Just as important, readers learn how her research rewards and frustrates her. In a chapter on justice and the legal system, for example, she describes how her research team tested a community-coordinated response to domestic violence. These programs are characterized by collaboration among criminal legal and community-based agencies, including the police department, district attorney’s office, and organizations providing services to victims. At the end of the project, DePrince reports, her team learned that the community-coordinated responses do lots of good, but they don’t necessarily make women safer.

“At the start of the study,” DePrince writes, “my team and our collaborators had hoped that the coordinated response would support women’s safety. In hindsight, we realized how naïve that hope was. Interventions focused on women do not make men change their behaviors.”

Still another significant aha moment sparked when DePrince was starting to conceptualize the book for her publisher. “What I realized in the process of writing the proposal was that awareness wasn’t enough. I have become convinced that’s a big place where we stumble—that we tend to think awareness is enough, that if enough people know about the issue, if they know about the impact, it will just stop. Awareness can feel like action”—think likes and retweets on social media platforms—“but [that is not] the kind of action we need for systemic change.”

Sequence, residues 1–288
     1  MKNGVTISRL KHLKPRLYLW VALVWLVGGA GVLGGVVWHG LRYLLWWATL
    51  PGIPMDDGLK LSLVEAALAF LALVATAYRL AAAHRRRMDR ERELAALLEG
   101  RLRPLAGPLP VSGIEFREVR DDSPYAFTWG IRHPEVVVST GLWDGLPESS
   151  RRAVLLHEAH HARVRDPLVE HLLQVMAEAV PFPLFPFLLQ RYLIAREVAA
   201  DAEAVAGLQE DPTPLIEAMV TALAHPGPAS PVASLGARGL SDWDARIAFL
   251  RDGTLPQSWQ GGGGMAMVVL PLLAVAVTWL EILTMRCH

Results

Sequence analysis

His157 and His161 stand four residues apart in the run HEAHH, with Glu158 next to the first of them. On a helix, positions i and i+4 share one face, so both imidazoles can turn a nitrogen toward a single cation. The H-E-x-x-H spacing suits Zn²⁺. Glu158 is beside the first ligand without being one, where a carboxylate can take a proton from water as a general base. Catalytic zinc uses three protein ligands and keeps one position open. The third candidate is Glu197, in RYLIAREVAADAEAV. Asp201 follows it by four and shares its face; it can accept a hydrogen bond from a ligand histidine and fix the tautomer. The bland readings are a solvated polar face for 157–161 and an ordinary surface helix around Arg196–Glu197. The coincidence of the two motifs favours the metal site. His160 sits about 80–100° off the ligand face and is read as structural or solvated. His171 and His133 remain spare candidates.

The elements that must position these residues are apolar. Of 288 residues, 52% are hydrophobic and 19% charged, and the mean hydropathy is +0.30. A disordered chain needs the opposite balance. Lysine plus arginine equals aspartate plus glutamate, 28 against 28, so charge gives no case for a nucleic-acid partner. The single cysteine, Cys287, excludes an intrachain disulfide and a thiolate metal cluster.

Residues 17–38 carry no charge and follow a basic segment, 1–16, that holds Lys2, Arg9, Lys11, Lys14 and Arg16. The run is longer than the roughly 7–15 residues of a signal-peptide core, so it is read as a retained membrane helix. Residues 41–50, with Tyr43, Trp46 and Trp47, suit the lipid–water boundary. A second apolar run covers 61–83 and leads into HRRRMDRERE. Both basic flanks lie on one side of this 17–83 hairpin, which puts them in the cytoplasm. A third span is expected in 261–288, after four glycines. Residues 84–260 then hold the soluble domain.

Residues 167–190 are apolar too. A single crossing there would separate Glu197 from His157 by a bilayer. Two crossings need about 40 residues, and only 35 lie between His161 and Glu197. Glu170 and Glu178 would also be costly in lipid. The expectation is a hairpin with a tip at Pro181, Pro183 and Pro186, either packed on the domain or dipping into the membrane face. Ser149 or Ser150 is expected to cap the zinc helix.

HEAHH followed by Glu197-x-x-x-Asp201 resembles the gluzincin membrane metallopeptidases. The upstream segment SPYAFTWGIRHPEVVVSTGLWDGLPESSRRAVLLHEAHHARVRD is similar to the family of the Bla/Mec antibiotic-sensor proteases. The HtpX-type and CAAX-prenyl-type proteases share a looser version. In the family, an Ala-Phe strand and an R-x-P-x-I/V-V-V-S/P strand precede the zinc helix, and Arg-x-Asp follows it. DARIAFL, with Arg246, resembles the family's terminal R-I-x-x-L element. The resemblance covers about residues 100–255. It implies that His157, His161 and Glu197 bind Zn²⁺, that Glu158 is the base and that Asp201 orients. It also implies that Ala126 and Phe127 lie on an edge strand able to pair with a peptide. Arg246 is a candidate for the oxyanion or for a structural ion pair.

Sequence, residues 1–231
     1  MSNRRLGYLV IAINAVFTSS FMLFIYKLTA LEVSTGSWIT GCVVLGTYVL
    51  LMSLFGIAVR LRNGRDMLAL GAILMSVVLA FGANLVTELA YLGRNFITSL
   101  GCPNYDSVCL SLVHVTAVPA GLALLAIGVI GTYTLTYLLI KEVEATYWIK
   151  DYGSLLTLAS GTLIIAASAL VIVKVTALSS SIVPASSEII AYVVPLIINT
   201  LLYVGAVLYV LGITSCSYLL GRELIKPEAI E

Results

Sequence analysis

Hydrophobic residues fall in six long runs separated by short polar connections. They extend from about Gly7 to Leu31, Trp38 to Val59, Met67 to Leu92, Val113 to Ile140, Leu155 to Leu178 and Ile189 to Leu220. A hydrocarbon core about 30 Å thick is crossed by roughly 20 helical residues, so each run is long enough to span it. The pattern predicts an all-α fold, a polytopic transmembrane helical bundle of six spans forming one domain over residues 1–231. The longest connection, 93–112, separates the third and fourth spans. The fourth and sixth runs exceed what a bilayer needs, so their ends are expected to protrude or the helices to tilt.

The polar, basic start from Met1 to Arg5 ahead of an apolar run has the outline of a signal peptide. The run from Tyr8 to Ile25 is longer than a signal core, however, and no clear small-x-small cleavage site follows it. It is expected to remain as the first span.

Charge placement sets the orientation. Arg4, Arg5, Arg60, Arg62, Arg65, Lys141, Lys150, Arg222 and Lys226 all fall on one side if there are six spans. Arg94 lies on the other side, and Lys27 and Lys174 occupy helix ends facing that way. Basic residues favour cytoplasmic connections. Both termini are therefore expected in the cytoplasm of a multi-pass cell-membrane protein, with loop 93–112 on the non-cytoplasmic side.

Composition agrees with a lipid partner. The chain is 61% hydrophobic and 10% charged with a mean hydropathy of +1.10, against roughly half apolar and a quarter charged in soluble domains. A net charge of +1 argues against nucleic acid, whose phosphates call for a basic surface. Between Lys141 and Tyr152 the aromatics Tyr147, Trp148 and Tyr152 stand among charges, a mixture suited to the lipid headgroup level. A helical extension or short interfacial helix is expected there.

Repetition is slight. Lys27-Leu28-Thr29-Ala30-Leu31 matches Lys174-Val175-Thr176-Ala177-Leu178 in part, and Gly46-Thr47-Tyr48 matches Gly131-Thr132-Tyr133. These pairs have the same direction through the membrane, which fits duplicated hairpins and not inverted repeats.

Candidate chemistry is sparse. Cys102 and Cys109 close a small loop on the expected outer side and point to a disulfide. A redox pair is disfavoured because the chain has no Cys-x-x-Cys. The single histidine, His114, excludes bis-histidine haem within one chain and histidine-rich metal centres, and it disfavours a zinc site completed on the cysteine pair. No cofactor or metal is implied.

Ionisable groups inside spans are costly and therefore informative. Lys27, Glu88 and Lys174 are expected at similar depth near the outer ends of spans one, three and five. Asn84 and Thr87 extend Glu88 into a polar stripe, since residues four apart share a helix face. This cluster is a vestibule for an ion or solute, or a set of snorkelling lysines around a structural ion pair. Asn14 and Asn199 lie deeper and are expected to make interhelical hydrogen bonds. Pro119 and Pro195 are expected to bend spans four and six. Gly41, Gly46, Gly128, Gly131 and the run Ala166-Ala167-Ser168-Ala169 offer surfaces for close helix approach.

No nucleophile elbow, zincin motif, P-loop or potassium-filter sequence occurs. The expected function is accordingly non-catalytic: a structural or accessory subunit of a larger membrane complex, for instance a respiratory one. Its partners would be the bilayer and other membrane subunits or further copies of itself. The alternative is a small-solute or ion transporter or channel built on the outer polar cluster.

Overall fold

What kind of action is needed? DePrince doesn’t offer any easy options, but she notes that building on proven successes is one place to start. For example, prevention programs around dating violence get results, so increasing their numbers and expanding their reach makes sense. She also expects that bringing new people into the conversation will generate innovative approaches and solutions.

“There are a lot of things we haven’t thought to do yet because we haven’t had diverse people in rooms yet, bringing their expertise and interests and passions,” she says.     

In addition to inspiring new people to join the cause, DePrince hopes “Every 90 Seconds” will kindle fresh hope among those knee-deep in the trenches and perhaps fatigued by the seemingly stalled momentum of the #MeToo movement, by setbacks in reproductive health care, and by the sheer numbers of women and girls struggling to overcome gender-based violence. “This work does affect us as human beings. That’s an important part of this story, too,” she says. “Part of why we haven’t—as a community, country, culture—addressed the issue is because it can be a difficult one to encounter. I tried to write a book that balanced being very authentic and real about the issue with being hopeful. Because we’re not going to get to change if we can’t find hope, if we can’t believe that change is possible. And after [so many] years of researching these issues, I have been personally impacted by the work I’ve done, and I believe change is possible.”